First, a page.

Chicha de Jora, The Drink Of the Ancient Incas
WHAT TO DRINK: Chicha de Jora (not to be confused with the non-fermented, sweet, purple-corn drink Chica Morado)
WHERE TO DRINK IT: In the Peruvian Andes; especially in and around the Sacred Valley*Note: There are many countries within Central and South America that make different versions of Chicha but here I will just talk about the Peruvian way
Corn lovers rejoice! Beer lovers too! Did you know you can make beer from corn? Well, you most certainly can and if you are planning to be in Peru anytime in the future, you can’t miss trying this ancient, classic beverage. Chicha de Jora is a drink that dates back to the time of the Inca Empire. Traditionally and even today, only women are supposed to make chicha, otherwise you risk offending the corn god Mama Sara. And lord knows we wouldn’t want to go offending any corn gods!
Back in these times, the chicha was made and drank in large quantities for ritual purposes. Chicha is made from germinated, sprouted corn which gets boiled and is left to ferment leaving behind a cloudy, beige beverage with a slight effervescence, similar to Kombucha. This is because the bacteria is still fermenting in your glass as you drink it.
Peru is steeped in ancient culture and traditions that are still alive to this day. In the Andes mountains, especially in and around the Sacred Valley in Peru, you can still find chicha being sold in the small, rural villages at what is known as a chicheria. In ancient times, the custom was to hang red flowers around a long stick, which would protrude from the house where the chicha was made.
Today, this tradition has changed slightly and now you have to look for a red bag, squashed into a roundish shape and attached to the protruding stick. These places are usually just villagers homes and you are more than welcome to enter and ask for a glass or two of chicha. Traditionally it will be served from a halved gourd, as pictured above but sometimes they serve it in giant glasses too.
I remember my first time trying Chicha de Jora. Laurent and I were hiking around the Sacred Valley and I had heard that if you see a house with a bright red bag attached to a stick, you could find chicha there. We stumbled upon one in the small village of Yucay located in the province of Urubamba. Being in the hot, dry Andes, we had worked up quite a thirst and so we figured why not? We entered the home of an elderly woman who was more than happy to oblige our request to try some of her chicha.
We were presented with a cloudy, grey/brown beverage with a heady foam, which was unchilled and smelled quite sour. Not exactly the refreshing drink two hikers are dreaming of! But we gave it a shot anyway. When the farmers who work these fields receive this beverage, they always pour the first little bit out onto the earth for Pachamama (the mother earth), as a sign of respect and to give mother earth the first taste. We poured our first sip out too, honoring this tradition. Then came our turn. The taste was indeed a bit sour (like the smell) and also slightly sweet from the corn. It’s got an earthy flavor which I liked a lot and due to the low alcohol content (usually only 1-3%), you can drink quite a bit. It wasn’t lemonade but it was surprisingly refreshing in the heat of the day.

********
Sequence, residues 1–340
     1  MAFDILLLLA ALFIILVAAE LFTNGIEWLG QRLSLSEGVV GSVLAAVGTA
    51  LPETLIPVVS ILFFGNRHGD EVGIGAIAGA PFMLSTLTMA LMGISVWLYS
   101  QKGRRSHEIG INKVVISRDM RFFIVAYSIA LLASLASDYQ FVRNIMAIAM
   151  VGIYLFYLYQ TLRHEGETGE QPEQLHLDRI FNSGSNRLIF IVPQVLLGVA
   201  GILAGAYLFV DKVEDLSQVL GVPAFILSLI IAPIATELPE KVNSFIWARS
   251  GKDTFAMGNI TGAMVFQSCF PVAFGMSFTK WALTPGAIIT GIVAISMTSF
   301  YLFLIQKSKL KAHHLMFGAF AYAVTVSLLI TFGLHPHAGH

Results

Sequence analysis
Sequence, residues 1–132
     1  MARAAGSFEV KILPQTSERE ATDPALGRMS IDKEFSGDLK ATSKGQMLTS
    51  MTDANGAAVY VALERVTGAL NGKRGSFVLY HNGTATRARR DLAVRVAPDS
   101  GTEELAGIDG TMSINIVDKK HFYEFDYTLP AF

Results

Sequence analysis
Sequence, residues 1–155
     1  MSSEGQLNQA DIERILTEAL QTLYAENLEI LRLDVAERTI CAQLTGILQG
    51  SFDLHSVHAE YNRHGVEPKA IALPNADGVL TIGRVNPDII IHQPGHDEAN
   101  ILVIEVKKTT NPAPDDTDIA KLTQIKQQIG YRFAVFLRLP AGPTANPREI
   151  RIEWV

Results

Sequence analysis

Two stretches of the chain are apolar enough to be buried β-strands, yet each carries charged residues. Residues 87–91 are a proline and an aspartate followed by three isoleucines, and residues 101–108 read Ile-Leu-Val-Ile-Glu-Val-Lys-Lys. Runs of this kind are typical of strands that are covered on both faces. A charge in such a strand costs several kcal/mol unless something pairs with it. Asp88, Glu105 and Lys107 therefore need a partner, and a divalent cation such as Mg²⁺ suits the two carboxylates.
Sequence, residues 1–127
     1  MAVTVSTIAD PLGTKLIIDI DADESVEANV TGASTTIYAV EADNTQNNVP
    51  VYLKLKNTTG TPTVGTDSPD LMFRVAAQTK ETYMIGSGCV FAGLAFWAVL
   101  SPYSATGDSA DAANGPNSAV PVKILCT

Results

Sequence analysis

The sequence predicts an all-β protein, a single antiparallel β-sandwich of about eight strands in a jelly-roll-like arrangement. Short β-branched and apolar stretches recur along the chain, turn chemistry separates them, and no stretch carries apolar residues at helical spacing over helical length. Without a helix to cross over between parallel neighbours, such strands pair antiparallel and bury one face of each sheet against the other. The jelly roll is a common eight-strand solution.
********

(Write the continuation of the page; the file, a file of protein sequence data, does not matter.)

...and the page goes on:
The process to make Chicha de Jora is very similar to beer and if you are interested in fermenting things or making homemade beer, then you can make it right in your own home with a little time and patience. The whole process will take about two weeks. First you have to soak the raw, dried corn kernels for about 2 days to allow them to be ready for sprouting. Back in the Andes, they use banana leaves to lay out the corn. If you don’t have these, you can simply use a bucket but be sure to allow for space to let the kernels get some air. It will take about 3 or 4 days for the corn to germinate (it will grow a little sprout). This sprout should be twice the length of the kernel when it’s ready.
Did you know? In ancient times (and still done today in some places) the chicha maker used to germinate the corn directly in their mouth. Corn would be ground up and moistened with the maker’s saliva. The enzyme naturally present in the mouth would convert it into maltose. Now don’t go getting grossed out. This process has been in place in pre-modern times around the world, including in the making of sake in Japan. And since the mixture gets boiled after, there was no worry about sharing germs.
The next step is to dry it out. Outside is best and 2 sunny/dry days is needed. After the germinated corn is dried, it’s ready to begin fermentation. You will need what is called a starter. This part is where it gets a tad complicated and is best for people who have had experienced in fermenting. The goal is to end up with a mixture of Lactobacillus plantarum, and regular ale yeast.
Next you have to ground up the germinated corn into a flour and boil it. In the traditional way it just gets boiled for a few days, then cooled and strained. The strained mixture is covered and left to ferment up to 2 days or much more, depending upon how strong you want your chicha to be. If you use the starter, it will produce a properly fermented product but you should click here for a very detailed recipe, if you are serious about making this at home.